“I find as a black man, we’ve conditioned ourselves to be strong as nails, not have any emotions or talk about our issues and those qualities are very problematic,” he says, adding, “I want to make sure that men seeing this realize that they can articulate their feelings and they can be vulnerable.”
Breaking Out of Society’s 'Sanctions'
The play gives viewers an in-depth look into the mind of a black man through a series of soliloquies, in which characters are able to share their innermost feelings. The pent-up emotion explodes from within the actors on stage as they reveal a side of them that is rarely, if ever, seen.
This was something that clearly resonated with several audience members including Lavelle Adams Grey, a post-secondary student who made the trip from Brampton to see the production.
“[The aspect that] I could relate to most, [would have to have been] trying to adapt to what society makes out of us as being a black man,” says Grey. “Trying to come up on your own and society putting sanctions on what you can do and trying to break out of that.”
The tension built up during the play’s dramatic scenes eventually eased through comedic interludes that provided a laugh without straying too far from the topics at hand. Edgy one-liners like, “If there wasn’t a black man around, a cop wouldn’t have a job,” kept the mood light during some very pressing discussions.
First-time viewer, Jeleesa Walker, commended the actors and Darren on this, stating, “They connected with the audience and not every movie or play that you see connects with the audience like that. They incorporate the crowd so that keeps your attention and keeps you happy.”
More Storytellers Needed
While Anthony indicates he had several motivators, he credits his older sister, Trey Anthony, as one of his biggest inspirations.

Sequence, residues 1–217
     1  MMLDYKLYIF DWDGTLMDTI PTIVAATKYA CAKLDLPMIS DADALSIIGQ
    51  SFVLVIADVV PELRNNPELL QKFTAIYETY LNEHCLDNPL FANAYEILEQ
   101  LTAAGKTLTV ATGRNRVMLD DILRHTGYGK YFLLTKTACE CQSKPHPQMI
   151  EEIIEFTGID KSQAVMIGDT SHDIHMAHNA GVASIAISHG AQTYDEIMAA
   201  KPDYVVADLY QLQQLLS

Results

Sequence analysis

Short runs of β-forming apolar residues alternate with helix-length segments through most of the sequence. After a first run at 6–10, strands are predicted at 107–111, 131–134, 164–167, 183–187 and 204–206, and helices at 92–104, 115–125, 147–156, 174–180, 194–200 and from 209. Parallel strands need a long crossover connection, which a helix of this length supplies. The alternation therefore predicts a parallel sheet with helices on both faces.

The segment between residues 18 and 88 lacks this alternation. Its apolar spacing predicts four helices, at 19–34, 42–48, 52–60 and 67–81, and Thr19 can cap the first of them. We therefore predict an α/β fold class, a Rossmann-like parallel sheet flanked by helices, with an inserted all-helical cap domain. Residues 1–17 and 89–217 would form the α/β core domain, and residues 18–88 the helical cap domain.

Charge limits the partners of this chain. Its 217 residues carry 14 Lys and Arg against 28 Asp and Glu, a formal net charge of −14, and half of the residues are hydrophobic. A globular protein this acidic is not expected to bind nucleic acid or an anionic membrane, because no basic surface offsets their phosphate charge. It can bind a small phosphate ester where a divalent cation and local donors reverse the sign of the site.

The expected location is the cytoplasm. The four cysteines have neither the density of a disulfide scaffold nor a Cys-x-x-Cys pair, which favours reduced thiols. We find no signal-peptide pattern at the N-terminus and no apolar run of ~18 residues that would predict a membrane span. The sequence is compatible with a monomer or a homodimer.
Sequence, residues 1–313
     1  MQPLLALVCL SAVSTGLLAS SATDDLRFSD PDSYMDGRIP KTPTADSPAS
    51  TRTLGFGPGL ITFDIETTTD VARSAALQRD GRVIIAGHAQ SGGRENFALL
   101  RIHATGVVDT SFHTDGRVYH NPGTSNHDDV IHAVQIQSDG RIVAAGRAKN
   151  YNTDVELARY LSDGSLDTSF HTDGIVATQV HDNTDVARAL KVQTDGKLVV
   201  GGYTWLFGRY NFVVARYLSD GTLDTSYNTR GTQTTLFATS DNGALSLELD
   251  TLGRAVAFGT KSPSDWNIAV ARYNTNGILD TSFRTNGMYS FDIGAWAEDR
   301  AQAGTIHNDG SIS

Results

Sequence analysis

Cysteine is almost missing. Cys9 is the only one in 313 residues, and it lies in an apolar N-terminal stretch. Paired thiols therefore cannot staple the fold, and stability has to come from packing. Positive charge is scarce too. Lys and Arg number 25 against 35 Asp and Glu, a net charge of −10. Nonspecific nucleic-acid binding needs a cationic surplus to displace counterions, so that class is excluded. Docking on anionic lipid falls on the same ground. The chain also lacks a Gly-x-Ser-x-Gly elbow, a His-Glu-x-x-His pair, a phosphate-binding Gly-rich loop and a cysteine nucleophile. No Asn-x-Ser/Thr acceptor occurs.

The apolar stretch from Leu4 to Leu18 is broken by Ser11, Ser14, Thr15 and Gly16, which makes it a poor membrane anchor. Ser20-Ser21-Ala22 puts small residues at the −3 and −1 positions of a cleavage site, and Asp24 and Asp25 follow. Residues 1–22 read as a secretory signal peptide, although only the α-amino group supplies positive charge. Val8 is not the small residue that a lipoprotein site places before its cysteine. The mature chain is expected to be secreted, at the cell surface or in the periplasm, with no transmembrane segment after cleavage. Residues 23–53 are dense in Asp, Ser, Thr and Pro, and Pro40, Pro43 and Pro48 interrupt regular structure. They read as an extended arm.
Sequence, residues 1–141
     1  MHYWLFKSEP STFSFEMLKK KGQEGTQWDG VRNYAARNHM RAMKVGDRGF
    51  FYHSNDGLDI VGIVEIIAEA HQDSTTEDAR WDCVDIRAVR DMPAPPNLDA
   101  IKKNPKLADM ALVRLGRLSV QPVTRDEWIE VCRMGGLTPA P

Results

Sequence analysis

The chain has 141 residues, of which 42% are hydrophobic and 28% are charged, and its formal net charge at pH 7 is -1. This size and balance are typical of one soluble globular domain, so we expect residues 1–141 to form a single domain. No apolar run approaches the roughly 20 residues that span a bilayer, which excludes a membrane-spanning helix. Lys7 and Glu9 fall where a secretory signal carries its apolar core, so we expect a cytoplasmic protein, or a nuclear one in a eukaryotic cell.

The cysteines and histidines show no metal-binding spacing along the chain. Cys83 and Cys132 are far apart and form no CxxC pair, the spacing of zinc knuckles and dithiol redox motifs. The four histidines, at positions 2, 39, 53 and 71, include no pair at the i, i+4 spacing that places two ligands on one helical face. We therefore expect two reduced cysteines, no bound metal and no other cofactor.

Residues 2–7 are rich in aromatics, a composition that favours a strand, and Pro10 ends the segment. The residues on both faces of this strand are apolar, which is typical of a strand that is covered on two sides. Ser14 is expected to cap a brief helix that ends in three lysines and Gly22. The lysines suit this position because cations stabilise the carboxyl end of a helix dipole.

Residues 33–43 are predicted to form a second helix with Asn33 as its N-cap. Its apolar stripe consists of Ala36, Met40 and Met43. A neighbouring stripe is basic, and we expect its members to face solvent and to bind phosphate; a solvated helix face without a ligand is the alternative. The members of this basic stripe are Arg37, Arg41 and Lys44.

Trey, also a successful playwright, is most notably known as the mastermind behind the award-winning, da Kink in My Hair, which focuses on the difficulties black women must face and has since been remade into a television series. She was the one who initially challenged her brother to write about a lot of these issues from a black male’s perspective – something rarely seen within media outlets. Anthony’s continued appreciation for his sister’s support was put on full display during an emotional embrace following the conclusion of the play.
Moving forward, Anthony says that in order for more realistic portrayals of black men to become prevalent within the media, more individuals from within these communities must step up as storytellers.
“I find that when it comes to urban stories, there’s a lot of people who are telling our stories, but they don’t come off as being authentic,” Anthony says. “And I wanted to make sure that I was that individual, being in social work and being a storyteller for so many years, I have some credibility and I know what I am talking about, I’m on the front lines.”
Stage Photo By: Sam Minassie
by Shan Qiao (@dmaomao) in Toronto
Your name appears as anonymous; future employers can only search your skills.
Canada’s latest job network innovation Magnet aims to connect job seekers to employers based upon skills, preferences and talent needs. Foreign names will no longer be a barrier for immigrants.
Ryerson University founded the not-for-profit social innovation, in partnership with the Ontario Chamber of Commerce. The network was first launched in September last year. After several months’ operation and expansion, the online job search engine aims to supersede giants such as LinkedIn with its unique filtering and matching functions.
For individuals like executive director of the Global Diversity Exchange, and keynote speaker at the forum, Ratna Omidvar, who have “strange-sounding” foreign names, Magnet is a way to combat being stereotyped when job seeking. Future employers can only view a person’s skills online. Names will be listed as ‘anonymous’.
Omidvar shared some of her early job searching experience in the ’80s after she came to Canada from her home country Iran, as a refugee.